January is a great time to get stuff done around the house! My husband and I are renovating, and this long weekend we approached the dreaded task of painting the bedroom. On Monday, my husband was out for the day, and I decided that I would single-handedly finish the undercoat and 2 coats of paint (in 40-degree heat), so we could move back into our bedroom by the end of the day. (Now that I type it out loud, it sounds a little ridiculous!).
Anyone who has painted before has probably guessed by now that I didn’t finish everything I set out to achieve. In fact, it took me most of the day to finish the undercoat! At the end of the day, feeling hot and exhausted, I was equal parts happy with what I’d achieved and disappointed that I hadn’t finished everything I wanted to. Painting a room takes so much longer than I anticipated!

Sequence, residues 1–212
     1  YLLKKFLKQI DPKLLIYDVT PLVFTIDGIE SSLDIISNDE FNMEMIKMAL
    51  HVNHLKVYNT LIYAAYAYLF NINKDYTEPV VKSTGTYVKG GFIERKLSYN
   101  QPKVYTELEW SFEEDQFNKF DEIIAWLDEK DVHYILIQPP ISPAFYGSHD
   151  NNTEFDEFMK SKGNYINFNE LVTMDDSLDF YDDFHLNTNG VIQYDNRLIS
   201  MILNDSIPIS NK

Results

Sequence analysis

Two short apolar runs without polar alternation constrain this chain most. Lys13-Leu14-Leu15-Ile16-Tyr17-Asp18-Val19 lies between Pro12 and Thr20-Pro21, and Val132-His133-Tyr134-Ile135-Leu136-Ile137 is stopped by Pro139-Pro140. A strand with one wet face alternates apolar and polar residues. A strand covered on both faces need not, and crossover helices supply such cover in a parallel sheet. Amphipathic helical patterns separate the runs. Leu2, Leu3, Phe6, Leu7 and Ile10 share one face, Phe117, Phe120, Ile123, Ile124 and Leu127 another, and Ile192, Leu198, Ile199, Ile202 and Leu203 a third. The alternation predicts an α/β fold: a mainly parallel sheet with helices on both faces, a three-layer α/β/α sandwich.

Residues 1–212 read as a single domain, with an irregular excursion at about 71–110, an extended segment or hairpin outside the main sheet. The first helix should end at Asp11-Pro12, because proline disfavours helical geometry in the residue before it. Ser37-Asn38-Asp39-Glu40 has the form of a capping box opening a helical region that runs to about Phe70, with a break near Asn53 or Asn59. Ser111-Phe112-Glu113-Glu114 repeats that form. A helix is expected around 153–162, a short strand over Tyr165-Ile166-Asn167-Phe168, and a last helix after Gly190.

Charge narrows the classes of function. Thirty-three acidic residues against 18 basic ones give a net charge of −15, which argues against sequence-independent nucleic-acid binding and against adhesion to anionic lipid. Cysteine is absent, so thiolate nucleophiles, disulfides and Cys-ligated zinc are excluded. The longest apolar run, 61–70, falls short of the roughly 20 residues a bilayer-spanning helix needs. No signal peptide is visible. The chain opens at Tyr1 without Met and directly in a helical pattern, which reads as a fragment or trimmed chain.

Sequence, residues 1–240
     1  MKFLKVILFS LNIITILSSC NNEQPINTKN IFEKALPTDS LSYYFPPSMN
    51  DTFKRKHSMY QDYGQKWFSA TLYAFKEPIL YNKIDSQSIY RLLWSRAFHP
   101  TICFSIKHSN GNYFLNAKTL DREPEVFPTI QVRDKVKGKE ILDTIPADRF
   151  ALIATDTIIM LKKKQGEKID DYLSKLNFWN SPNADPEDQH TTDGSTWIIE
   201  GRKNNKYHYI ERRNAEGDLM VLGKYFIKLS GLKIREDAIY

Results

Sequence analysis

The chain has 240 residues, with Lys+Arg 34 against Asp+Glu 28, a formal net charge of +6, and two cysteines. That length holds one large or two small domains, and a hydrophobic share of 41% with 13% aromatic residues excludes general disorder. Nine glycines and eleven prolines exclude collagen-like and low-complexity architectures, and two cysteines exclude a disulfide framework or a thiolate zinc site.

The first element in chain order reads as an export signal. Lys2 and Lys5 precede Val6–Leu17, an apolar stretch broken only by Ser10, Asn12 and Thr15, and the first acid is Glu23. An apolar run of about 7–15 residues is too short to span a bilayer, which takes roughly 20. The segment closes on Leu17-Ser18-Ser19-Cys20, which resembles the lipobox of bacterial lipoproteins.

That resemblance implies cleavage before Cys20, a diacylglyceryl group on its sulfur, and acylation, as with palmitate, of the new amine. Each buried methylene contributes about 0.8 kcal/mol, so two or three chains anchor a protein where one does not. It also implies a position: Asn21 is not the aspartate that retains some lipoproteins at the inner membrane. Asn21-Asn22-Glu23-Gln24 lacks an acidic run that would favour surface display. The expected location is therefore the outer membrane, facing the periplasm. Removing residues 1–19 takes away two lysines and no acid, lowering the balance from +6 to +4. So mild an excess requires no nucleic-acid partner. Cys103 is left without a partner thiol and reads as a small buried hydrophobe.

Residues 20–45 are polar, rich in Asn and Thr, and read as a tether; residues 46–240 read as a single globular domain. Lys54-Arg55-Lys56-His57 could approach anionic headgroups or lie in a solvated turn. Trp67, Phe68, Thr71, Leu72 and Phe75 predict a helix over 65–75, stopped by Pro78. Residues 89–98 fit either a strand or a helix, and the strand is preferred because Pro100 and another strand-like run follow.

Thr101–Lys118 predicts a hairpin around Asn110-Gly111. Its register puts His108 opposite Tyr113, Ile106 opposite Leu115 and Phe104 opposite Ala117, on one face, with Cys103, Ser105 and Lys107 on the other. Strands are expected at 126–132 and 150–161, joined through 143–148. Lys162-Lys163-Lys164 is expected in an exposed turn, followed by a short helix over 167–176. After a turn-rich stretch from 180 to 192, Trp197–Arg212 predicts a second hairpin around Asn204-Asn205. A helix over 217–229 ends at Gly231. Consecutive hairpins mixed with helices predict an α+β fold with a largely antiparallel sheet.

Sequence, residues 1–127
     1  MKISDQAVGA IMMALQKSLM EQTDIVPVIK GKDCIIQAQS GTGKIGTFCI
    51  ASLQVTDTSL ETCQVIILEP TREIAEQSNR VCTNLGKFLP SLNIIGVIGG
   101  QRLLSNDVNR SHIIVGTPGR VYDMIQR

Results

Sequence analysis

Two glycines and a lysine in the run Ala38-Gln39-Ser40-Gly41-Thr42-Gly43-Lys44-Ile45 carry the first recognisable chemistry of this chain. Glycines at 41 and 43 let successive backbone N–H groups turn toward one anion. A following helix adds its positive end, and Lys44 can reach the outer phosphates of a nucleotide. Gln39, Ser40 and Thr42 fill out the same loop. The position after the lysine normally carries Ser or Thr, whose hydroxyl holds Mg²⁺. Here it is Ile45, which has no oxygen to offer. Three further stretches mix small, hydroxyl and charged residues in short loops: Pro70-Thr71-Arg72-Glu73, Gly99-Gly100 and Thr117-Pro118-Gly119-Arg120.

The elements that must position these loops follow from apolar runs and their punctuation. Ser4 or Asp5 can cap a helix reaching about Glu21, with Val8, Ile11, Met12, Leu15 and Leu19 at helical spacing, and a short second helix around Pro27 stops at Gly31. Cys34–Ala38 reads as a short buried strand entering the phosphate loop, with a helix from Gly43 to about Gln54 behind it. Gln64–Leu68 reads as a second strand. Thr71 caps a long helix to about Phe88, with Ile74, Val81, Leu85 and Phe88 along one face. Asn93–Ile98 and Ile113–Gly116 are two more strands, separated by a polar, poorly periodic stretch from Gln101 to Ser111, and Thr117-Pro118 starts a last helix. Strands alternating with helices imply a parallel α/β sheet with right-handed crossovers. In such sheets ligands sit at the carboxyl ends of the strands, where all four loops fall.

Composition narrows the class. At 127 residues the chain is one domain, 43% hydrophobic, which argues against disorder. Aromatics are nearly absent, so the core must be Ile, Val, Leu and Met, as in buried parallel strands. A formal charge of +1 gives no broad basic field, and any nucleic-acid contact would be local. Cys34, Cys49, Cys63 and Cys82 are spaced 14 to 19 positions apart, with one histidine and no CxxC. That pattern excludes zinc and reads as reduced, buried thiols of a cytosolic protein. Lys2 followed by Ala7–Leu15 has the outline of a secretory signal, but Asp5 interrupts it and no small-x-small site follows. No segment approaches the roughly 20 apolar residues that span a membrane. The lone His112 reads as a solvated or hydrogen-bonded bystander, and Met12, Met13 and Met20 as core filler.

While contemplating these feelings, my thoughts turned to the kids I work with. As parents and health professionals, we spend a lot of our time comparing our kids’ skills to where they should be for their age, and focusing on what they’re not able to do so we know how to help them improve.While this is important for setting goals and helping our kids to catch up to their peers, it can often mean that we miss the small achievements that our kids are making along the way. Sure, they may not be developing and progressing as quickly as others, but does that mean they’re not succeeding? Absolutely not! Every time our kids do something they weren’t able to before, that’s success. Celebrating these small achievements shows our kids that we notice their effort, and gives them the motivation that they need to keep striving and working towards their goals.
As we start this new school year, I’ll be making it a priority to notice the small accomplishments that my clients are making as they work towards their goals. Will you join me in celebrating the small wins?